I still remember this episode of Grey’s Anatomy. Okay, I remember all of the episodes because it’s my comfort show and I may or may not have watched most of the seasons like five eleven times. When the “Perfect Little Accident”episode (season 6, episode 16) aired Kristina immediately turned to me and said “THAT’S YOU!” And I just blinked at her. I couldn’t deny it then, and I definitely can’t deny it now. For those of you who haven’t seen the show, the little sister character (Lexi) is planning to sleep with a mutual friend of theirs (again), and the big sister (Meredith) warns her not to because she’ll get attached.
One night stands don’t work for me. Sleeping together without having feelings for each other doesn’t work for me. This is something that time and a lot of experience with the matter have taught me. I can’t tell you how many times I’ve tried to convince myself otherwise because I was thinking with my hormones and not with my head, only to have another lesson-induced smack down from the Universe saying “You can’t do this.”
Why don’t they work for me? I get attached. It’s just something that happens, and I’ve come to accept that about myself. My heart does live in my vagina, and chances are if I choose to be intimate with someone like that I already have feelings for them-feelings that can only be intensified after being so close and releasing all of those love-like chemicals into the brain. You see sex, or most physical contact, releases all sorts of hormones and makes your Dopamine skyrocket. This is much like a reaction to a drug or any other addictive substance, and that is why when it goes away we crash so hard. They’re love withdrawals, and I get them bad.
I’ve spent a lot of my life fighting this fact. It seems to me that it would be much easier if I could just satisfy any physical need I want without wanting anything more than that from people. However, I’ve come to realize that feeling something for people isn’t a bad thing. How can it be wrong to love with all you have? It’s not. I’d rather fall for every person I’m intimate with and get hurt than be numb or unfeeling. I honestly believe we should go out there and love anything and everything we have. We should love the people who love us, and we should love the people who don’t. There’s far too much else in this world, a little extra love isn’t a bad thing. Spread it around freely.
The problem comes with the attachment. To be attached to something means we’re placing the power of our happiness or love on the condition that the thing we’re attached to will always be there. When we get attached to something we forget that nothing is permanent, and that the only thing we can control is our own actions and reactions. That thing we’re attaching our hopes and dreams to could be gone in an instant, and when it goes we’re going to hurt-a lot.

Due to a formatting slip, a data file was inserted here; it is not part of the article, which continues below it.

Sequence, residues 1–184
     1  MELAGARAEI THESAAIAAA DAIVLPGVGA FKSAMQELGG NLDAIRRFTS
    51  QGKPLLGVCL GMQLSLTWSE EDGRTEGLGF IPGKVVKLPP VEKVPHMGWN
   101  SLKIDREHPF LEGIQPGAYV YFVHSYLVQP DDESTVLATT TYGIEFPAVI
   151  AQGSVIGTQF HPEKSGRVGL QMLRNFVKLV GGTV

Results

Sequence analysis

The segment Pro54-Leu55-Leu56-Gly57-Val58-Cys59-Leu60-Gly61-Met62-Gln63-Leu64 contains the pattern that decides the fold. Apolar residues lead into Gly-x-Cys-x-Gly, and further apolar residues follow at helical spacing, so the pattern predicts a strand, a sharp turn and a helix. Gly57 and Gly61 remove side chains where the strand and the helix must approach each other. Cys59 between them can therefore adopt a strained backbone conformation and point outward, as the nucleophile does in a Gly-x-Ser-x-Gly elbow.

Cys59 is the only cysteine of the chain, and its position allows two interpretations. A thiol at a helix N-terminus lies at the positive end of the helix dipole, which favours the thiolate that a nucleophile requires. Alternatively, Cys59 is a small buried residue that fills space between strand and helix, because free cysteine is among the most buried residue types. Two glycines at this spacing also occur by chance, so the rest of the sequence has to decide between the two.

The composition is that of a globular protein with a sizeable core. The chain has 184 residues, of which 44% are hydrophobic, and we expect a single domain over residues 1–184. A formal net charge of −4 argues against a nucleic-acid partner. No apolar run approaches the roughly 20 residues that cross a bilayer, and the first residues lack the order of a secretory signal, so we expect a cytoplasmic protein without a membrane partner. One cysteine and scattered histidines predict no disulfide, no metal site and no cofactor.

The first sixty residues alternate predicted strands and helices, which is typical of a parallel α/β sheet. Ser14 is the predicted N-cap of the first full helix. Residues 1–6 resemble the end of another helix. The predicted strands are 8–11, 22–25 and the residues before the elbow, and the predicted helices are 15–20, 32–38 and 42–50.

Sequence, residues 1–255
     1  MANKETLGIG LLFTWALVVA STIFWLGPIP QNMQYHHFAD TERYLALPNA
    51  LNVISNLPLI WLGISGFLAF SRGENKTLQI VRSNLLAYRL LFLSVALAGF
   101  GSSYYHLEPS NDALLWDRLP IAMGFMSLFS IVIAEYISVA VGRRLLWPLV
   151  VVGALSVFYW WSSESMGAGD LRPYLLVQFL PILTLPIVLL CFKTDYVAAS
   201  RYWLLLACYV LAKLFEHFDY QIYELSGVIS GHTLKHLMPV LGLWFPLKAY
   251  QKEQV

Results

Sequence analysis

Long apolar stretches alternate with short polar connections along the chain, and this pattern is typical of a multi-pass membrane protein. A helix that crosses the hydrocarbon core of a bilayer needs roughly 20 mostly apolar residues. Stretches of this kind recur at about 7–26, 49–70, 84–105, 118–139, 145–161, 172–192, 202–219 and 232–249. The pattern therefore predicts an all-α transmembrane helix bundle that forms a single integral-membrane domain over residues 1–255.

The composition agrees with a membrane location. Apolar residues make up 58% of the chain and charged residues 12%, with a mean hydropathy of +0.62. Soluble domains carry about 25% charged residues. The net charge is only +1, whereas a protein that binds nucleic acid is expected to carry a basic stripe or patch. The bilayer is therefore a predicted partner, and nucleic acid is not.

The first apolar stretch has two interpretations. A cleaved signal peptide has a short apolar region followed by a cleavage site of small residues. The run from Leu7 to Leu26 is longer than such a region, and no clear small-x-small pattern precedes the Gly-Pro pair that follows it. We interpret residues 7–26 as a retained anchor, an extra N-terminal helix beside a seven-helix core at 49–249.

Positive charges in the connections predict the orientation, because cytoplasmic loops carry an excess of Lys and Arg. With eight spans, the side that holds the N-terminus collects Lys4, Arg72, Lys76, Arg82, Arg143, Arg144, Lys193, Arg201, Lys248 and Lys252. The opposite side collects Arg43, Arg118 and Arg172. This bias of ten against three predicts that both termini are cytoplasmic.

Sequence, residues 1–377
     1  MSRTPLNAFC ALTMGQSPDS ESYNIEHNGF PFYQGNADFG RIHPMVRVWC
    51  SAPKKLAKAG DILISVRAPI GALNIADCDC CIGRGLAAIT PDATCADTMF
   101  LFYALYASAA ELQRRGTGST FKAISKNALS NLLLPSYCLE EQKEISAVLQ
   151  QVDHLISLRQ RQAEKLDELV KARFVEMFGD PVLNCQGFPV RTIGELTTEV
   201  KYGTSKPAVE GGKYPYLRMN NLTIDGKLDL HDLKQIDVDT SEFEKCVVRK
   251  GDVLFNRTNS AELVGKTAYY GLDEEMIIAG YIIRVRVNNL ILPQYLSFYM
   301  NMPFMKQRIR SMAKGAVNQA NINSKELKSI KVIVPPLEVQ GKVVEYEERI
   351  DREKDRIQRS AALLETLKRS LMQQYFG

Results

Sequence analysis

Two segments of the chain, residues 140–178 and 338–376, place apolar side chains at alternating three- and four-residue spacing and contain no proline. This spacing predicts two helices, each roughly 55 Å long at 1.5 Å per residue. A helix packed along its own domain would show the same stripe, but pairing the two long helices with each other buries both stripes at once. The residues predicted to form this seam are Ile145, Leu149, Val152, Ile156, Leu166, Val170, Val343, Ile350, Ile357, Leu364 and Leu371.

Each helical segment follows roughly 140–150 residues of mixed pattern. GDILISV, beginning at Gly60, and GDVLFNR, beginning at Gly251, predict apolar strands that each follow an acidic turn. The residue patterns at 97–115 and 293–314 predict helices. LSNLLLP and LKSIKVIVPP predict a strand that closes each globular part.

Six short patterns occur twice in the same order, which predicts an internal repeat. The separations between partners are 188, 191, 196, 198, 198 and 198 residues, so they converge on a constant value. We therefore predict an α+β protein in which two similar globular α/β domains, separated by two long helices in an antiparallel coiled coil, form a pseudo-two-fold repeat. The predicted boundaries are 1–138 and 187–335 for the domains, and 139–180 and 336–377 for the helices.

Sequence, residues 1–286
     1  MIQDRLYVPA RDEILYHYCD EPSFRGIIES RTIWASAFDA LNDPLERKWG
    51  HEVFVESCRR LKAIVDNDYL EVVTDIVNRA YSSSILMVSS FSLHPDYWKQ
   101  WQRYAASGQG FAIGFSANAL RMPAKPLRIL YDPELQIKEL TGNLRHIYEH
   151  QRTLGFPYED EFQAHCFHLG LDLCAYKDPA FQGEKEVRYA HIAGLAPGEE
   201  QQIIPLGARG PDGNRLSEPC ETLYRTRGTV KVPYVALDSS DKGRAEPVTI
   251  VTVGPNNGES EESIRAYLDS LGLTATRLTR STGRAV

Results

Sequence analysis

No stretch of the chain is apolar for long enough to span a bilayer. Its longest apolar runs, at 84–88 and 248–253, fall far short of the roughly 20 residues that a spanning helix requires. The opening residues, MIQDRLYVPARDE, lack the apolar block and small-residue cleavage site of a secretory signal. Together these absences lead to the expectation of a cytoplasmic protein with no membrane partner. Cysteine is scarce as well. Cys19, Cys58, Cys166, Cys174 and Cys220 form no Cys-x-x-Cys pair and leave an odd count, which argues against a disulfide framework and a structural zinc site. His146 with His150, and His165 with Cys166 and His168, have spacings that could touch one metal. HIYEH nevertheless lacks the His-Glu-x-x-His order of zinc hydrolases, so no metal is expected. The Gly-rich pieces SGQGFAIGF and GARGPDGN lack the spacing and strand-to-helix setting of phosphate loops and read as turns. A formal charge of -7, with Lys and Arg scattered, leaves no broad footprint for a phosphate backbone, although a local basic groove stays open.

Attachment does not equal love. When we attach to something or some one, we are trying to control it and the situation because we feel so out of control about it it-but that’s the thing-you can’t control love, and you can’t control the person you’re loving. We have to learn to relinquish control and just go with it. If we are able to just go with it, and not attach ourselves to it in order to try and control it, then we can love freely and accept that whatever will be will be. It will probably still hurt when it ends, but it wont break us as badly as that severed attachment does. We have to accept that nothing lasts forever, and a little bit of hurt lets us know that we’re still alive. It lets us know we’re a living, breathing, feeling thing-and it allows us to appreciate when we feel the good things in life.
No one is perfect. Here I sit talking about how to love and not attach to things, when I fully admitted that I get attached. I’m working on it, and it’s a long and difficult process. It’s hard to train yourself to love a different way when the one way is all you’ve been doing for your entire life, but let’s be honest-that way hasn’t been working for me. It has just left a lot of heartache and apprehension for the future. I’d become afraid to love someone, because in my head loving someone was always this big painful process that ultimately led to me being alone and hurting. It doesn’t have to be like that, and I’m trying to learn that I can love openly and fully, and then if the time comes, let it dissolve back into the sea if needs be. There’s something ultimately poetic about a goodbye that’s as peaceful as the tide washing the sand away… Perhaps that’s how it’s supposed to be.